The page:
Interestingly, while the US Dollar has been gaining over the past week, risk markets in Oil and Stocks have begun to show potential signs of topping. We discussed the technical setup in the S&P 500 yesterday, and the day before that we looked into Oil prices.

Should USD strength persist, both commodities and equities could become adversely affected, highlighting a continuation of the theme that markets had to contend with in January as a stronger US Dollar roiled both commodity and stock prices.

However, given the context of the situation with the numerous factors that could change at a moment’s notice, such as the fragility of the Chinese economic recovery, it seems more likely that we’ve simply seen a pause in the down-trend. At least at this point, that is what the technical structure in the Greenback suggests. We take a look at that recent structure below, and the Fibonacci retracement from the April 2015 high to the May 2015 low continues to provide usable levels on the chart, with the 27.2% extension of that move marking the top set on January 29th.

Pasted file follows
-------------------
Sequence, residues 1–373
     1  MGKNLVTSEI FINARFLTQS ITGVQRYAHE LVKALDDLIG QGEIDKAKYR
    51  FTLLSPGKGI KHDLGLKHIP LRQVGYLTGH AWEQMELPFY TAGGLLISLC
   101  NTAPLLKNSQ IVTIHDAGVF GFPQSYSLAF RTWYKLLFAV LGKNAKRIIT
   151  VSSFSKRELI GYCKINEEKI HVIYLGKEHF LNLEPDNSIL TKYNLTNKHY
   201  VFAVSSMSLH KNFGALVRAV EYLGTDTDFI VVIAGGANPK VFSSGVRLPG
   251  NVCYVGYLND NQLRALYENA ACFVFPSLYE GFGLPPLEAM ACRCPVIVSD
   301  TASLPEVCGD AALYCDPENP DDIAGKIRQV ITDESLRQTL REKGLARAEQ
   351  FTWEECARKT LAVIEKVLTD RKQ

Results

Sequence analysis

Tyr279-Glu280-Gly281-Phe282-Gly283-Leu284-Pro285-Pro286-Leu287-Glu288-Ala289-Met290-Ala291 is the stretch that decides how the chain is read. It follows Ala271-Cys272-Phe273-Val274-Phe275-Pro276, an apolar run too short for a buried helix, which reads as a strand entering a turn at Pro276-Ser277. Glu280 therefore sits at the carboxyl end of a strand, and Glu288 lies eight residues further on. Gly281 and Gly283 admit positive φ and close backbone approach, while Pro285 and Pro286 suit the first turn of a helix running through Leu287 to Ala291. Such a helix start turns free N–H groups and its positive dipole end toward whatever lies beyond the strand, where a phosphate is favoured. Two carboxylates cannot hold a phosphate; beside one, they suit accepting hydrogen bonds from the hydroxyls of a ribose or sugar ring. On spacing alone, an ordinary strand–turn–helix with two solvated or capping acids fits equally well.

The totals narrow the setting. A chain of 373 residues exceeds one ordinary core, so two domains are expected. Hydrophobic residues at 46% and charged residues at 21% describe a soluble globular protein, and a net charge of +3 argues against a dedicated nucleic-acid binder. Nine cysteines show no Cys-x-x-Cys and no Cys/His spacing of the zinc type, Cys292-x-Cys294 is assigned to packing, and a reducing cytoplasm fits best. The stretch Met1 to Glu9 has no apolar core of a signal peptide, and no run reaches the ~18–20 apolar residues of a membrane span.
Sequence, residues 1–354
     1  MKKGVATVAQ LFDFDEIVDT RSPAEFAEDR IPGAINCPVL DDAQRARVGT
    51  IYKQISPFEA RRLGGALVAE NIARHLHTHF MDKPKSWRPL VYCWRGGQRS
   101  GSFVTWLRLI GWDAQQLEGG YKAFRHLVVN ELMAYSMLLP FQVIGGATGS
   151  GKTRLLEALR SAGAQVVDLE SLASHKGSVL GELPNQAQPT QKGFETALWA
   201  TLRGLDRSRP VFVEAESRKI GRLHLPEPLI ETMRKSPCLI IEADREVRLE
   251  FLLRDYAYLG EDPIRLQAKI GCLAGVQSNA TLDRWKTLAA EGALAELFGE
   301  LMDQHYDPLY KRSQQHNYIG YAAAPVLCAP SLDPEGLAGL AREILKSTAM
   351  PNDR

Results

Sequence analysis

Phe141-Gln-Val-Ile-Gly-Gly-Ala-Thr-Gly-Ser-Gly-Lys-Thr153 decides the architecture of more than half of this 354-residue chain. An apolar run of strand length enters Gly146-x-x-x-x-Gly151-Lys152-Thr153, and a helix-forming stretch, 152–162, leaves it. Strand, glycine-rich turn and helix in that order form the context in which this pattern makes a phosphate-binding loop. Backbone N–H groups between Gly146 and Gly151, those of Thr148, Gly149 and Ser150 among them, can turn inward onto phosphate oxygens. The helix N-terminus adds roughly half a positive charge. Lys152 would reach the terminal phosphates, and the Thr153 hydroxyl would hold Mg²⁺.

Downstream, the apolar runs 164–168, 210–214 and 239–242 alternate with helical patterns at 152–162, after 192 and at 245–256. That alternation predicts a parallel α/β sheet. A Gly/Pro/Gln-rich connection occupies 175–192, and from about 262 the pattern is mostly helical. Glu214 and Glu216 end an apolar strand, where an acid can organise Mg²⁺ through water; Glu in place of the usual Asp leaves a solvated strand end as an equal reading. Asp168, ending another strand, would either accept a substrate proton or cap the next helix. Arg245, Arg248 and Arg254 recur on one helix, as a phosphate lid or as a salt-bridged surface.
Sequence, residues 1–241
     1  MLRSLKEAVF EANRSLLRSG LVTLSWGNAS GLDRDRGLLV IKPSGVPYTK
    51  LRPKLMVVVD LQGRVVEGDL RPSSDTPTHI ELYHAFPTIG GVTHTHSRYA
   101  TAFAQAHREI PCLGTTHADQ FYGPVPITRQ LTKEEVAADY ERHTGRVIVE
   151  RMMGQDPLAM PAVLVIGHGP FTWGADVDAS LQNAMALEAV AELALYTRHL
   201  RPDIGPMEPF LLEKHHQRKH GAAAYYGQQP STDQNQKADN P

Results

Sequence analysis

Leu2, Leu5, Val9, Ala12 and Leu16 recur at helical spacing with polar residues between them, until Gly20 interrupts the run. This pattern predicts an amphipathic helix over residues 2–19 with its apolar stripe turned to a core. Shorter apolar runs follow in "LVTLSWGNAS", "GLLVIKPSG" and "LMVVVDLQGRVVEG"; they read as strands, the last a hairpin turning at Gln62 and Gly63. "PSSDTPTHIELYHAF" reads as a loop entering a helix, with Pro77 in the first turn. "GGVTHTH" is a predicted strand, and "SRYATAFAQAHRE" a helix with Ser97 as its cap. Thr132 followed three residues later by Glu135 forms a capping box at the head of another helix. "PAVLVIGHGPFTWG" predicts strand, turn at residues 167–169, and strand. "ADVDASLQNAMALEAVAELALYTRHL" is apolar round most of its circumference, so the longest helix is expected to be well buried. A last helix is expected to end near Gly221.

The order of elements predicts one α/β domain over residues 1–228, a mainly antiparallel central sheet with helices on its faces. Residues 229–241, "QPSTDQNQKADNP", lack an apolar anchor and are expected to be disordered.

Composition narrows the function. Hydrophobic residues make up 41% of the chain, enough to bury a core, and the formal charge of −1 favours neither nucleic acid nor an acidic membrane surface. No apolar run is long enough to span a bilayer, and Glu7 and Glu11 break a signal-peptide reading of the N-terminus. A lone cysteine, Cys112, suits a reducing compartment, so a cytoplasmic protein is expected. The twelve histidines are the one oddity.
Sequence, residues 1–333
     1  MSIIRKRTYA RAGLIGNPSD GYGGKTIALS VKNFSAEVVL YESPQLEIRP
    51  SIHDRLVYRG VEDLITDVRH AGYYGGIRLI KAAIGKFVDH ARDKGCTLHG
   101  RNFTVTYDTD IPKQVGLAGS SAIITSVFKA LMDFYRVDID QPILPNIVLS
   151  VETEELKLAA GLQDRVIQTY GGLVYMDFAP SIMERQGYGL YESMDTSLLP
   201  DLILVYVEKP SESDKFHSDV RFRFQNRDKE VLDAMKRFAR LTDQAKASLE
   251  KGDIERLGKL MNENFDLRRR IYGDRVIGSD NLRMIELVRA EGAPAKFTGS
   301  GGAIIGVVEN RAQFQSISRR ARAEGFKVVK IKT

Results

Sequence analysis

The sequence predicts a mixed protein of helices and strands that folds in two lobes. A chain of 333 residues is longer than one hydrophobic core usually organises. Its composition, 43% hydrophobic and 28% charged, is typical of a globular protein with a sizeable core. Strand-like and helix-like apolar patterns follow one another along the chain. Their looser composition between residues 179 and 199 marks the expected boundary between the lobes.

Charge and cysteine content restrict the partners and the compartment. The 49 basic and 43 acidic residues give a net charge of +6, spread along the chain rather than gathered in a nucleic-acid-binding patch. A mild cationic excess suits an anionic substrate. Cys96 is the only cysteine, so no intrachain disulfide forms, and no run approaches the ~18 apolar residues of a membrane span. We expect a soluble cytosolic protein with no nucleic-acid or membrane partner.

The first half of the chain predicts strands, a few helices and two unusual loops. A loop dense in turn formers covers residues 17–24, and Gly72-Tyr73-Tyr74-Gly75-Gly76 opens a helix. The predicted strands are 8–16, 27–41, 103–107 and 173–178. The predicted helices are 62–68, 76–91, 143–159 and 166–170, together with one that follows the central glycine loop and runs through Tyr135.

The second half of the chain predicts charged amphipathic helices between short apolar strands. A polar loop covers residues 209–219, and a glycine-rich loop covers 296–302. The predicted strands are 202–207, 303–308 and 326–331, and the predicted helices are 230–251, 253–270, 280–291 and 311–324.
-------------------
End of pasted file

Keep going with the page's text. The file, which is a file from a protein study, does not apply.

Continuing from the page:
Yesterday produced a Doji at the 50% Fibonacci retracement, which was also a prior swing-high. This could offer short-side swing entries to traders looking for USD weakness to come back into the picture. But this type of theme could also be voiced with a long commodity or equity idea. For traders looking to trade a legitimate top-side reversal in the US Dollar, let this level of resistance first break to prove up-trend sustainability. Traders should be careful of chasing one week of strength after three-plus months of pain.

Created with Marketscope/Trading Station II; prepared by James Stanley

--- Written by James Stanley, Analyst for

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DailyFX provides forex news and technical analysis on the trends that influence the global currency markets.